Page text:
Stalling at the green light20 September 2022
The case for wind energy has never been stronger, argues Giles Dickson, CEO of WindEurope, the European partner for WindEnergy Hamburg 2022. However, the European wind industry needs to overcome unprecedented supply chain challenges before it can deliver its big promise – clean, home-grown energy to replace Europe’s dependence on Russia and other fossil fuel exporters. The European Green Deal needs to be “made in Europe”, says Dickson.
At first glance, the European wind industry has never been better positioned. Renewables are now the cheapest form of new electricity generation in Europe. Clean, local renewables are the best alternative to expensive imports of coal, oil and gas. The war in Ukraine is a painful reminder of Europe’s over-reliance on Russia and other fossil fuel exporting countries. We’ve been warned: accelerating the energy transition is an urgent priority. The EU totally gets this. With REPowerEU – its energy response to the invasion of Ukraine – the European Commission has shown its determination to act. They have pledged to cut Russian gas imports by two-thirds by the end of 2022, end all Russian energy imports by 2027, and to speed up the electrification of industry, mobility and heating.
All of this is underpinned by a faster buildout of renewables. The EU Commission now want renewables to be 45% of all energy consumed in Europe by 2030. This means 510GW of wind energy, up from around 190GW today – a strong signal for the industry. And crucially, REPowerEU tackles the main bottleneck to wind energy expansion – permitting. New renewables will now be a matter of ‘overriding public interest’ and the commission wants member states to identify ‘go-to-areas’ for fast-tracked wind energy permitting.
The European Commission isn’t alone in its drive to build more wind energy. Recent announcements from governments across Europe echo this. Germany wants to build 10GW of onshore wind every year from 2025. Nearly every country in Europe that has a coastline is raising their offshore wind target or setting one for the first time.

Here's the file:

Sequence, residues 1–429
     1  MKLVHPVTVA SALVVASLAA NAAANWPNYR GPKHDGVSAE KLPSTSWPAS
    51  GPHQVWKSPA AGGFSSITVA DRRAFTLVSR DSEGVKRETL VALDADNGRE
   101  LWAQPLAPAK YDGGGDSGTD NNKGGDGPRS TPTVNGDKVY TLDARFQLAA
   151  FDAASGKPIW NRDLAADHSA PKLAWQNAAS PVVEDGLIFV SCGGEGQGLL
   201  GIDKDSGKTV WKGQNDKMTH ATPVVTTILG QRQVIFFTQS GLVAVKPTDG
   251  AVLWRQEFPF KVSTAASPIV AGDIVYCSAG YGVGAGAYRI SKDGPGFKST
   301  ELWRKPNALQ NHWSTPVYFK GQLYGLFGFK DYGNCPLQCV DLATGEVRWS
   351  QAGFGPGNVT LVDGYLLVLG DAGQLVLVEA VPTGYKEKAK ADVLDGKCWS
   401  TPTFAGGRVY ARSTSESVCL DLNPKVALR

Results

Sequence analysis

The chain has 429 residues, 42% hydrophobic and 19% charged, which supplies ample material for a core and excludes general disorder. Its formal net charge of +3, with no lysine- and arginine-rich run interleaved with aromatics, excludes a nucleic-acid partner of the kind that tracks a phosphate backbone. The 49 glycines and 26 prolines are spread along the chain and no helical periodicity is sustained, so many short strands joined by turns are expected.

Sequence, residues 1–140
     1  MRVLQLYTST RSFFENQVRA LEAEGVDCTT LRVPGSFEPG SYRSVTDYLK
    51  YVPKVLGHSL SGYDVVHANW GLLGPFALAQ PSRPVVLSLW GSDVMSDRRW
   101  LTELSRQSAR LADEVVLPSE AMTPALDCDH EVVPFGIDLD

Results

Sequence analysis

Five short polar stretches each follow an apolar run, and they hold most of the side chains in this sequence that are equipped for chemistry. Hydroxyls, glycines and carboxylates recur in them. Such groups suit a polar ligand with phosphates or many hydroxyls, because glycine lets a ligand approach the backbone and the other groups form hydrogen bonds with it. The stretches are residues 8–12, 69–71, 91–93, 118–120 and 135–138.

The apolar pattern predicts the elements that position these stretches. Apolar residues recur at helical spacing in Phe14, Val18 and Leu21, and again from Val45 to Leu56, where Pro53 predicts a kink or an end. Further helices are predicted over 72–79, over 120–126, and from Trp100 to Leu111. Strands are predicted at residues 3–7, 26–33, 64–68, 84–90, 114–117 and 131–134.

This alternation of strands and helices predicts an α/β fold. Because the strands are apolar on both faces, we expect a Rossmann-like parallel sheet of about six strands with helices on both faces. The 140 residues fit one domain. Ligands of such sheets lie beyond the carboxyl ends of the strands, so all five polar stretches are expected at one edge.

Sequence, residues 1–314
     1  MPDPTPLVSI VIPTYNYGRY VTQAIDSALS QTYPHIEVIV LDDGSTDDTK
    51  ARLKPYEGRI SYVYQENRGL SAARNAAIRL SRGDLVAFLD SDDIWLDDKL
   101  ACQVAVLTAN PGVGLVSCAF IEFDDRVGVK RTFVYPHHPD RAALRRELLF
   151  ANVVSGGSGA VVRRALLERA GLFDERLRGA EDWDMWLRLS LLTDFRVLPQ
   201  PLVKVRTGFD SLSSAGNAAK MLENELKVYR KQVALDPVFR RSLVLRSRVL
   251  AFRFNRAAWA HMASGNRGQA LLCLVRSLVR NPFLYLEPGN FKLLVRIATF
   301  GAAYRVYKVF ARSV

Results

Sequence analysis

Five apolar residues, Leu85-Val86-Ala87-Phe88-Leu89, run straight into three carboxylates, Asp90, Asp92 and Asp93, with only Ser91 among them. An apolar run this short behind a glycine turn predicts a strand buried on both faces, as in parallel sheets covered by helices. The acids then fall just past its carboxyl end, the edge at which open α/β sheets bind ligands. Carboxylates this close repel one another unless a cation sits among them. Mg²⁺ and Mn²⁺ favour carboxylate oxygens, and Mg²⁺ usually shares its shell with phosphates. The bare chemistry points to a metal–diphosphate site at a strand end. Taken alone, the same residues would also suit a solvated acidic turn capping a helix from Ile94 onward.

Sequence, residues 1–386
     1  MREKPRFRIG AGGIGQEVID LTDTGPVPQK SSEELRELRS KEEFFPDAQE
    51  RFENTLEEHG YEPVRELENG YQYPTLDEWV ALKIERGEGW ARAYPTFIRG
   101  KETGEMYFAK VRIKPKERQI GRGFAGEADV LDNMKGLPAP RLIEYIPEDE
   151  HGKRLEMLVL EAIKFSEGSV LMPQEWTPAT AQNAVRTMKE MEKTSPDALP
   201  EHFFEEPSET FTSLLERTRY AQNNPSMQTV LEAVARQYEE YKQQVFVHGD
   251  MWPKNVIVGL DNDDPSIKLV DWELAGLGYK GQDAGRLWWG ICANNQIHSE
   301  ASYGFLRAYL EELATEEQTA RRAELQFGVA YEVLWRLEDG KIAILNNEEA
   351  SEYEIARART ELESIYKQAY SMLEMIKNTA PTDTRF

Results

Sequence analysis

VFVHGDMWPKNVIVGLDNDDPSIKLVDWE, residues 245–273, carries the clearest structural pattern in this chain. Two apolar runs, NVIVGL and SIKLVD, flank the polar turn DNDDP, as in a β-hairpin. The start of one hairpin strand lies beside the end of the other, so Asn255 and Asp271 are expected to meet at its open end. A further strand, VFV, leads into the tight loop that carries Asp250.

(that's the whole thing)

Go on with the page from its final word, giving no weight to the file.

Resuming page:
The other side
But that’s only half the story. The reality is that Europe’s wind industry is facing an unprecedented combination of overlapping challenges. High commodity prices have driven up input costs. Shipping costs have risen. There is high uncertainty about the availability of key materials and components. The wind auctions that governments run are not always index linked, and their design more broadly puts excessive cost pressures on the supply chain. And permitting bottlenecks mean the overall market is much smaller than it should be. Europe’s turbine manufacturers have been operating on tight margins for years now. But the bitter cocktail of new challenges is seriously threatening the health of Europe’s wind industry, just when governments want to speed up the buildout of wind. All five European turbine manufacturers were operating at a loss – an unsustainable situation. If the EU is serious about its commitment to REPowerEU, it must support the industry now – and help safeguard Europe’s global technology leadership in one of the energy transition’s most strategic sectors.
The Green Deal is all about creating jobs and value in Europe – with innovative green technologies. But right now, Europe is only building half of what it needs to reach 510GW of wind energy by 2030. To strengthen the wind energy supply chain, the EU should continue streamlining permitting to ensure the market size reflects new renewable targets. Government auctions for new wind farms should move away from narrow fixations on price and money that drive a race to the bottom. They should factor in the added value the wind industry offers by rewarding sustainability and innovation in system integration. Trade policies should strike a balance between globalised supply chains and the need to keep manufacturing in Europe. And we need investments in R&I so the European industry retains its technology edge: on more powerful and efficient turbines, floating offshore wind, repowering and circularity.